Emily McCaul, assistant lifestyles editor | The Collegiate Times
As the summer progressed, and the heat from our downtown sidewalks remained steady, I found myself sipping on iced coffee more often during my work days. Seldom did I find myself longing for a hot drink amid those 90-degree temperatures, opting for the refreshing chill of a frappe over the punchy kick of an Americano.
However, on slow mornings at home, even amidst the intense heat of the outdoors, I stuck to making coffee on the stove: hot, homemade and highly flavorful. Up until last weekend, the Italian moka pot had not been a part of my weekend routine.
Originally drawn to the novelty on a sale shelf in T. J. Maxx, I purchased the 3-cup, Gnali & Zani moka pot for the college-approved price of $5.99, deciding to give it a try.
So, what’s a moka pot?
I was first introduced to the moka pot by one of my dearest, coffee-loving friends one afternoon at my apartment. The moka pot, widely known for its popularity in Europe and Latin America, is a coffee maker; it creates both espresso and coffee with the upward-passing of steam through coffee grounds. The pot itself bears an iconic, Italian design: pointed, geometric and thoughtfully crafted from aluminum.
Why is this better than my Keurig — and in what ways is it lacking?
As I have come to find in the past, there are many ways to enjoy ‘a good cup of coffee,’ Starbucks drive-thrus included.
The Keurig, a staple in many college apartments and dorm rooms, is known for its convenience, efficiency and variety of K-cup flavors — obviously a great option for college students.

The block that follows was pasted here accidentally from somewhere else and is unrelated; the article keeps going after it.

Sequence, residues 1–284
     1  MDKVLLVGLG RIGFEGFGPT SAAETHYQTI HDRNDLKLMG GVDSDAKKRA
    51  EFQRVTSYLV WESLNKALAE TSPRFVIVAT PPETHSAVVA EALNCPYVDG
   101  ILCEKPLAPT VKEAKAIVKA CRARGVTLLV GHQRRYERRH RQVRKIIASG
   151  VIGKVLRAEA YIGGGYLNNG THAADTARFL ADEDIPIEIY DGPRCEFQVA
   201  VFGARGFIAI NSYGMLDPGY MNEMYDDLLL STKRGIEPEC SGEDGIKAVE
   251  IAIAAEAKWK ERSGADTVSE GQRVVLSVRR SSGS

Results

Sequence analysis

However, what I feel the moka pot provides is an extra ‘oomf’ of quality to my coffee, an option for espresso, and a more-involved process (something many coffee connoisseurs appreciate for the simple sake of the practice).
Also important to note is the process time; typically, from start to finish, the moka pot will take up to 10 minutes of your morning.
What skill-level are we talking here?
If you can work a stove, are capable of purchasing a bag of coffee grounds and have access to clean, running water, you are qualified, able and capable.
How does it work?
Like any new experience, the moka pot will take some getting used to, but overall, the process is straightforward. The moka pot is comprised of three main pieces: the top, the bottom pot and the funnel filter. Its instructions are as follows:
1. Unscrew the top from the bottom chamber and remove the funnel filter from the pot.
2. Fill the pot with water, stopping just below the visible outer valve (if you have trouble identifying the valve, it is the piece that resembles an ‘outy’ belly-button on the bottom chamber). You can use hot or cold water here; the choice is yours.
3. Replace the funnel filter in the bottom pot, then add your grounds, patting down the coffee with a spoon. For espresso, I would suggest a finer grind, filling the filter completely. For coffee, experiment with a coarser grind, leaving some room in the filter before screwing on the top.
4. Once you have placed the water in the lower pot and the grounds in the filter, attach the top to the moka pot. Set the pot on the stove top, wait for a whistle and voila!
The stove will heat the water in the pot, kicking the air out of the bottom chamber, and sucking the water up through the grounds like a vacuum. In the top chamber is where the coffee will brew, spewing outward like a fountain.
5. When the coffee is ready, pour (with an oven mitt, or if you’re a typical college student like myself, a clean wash rag if you lack oven mitts), sip and enjoy.
Needless to say, next time you find yourself wandering the aisles of T.J. Maxx, keep an eye out for the sale section; the moka pot makes for a charming gift, a cozy morning in and, of course, a great cup of coffee.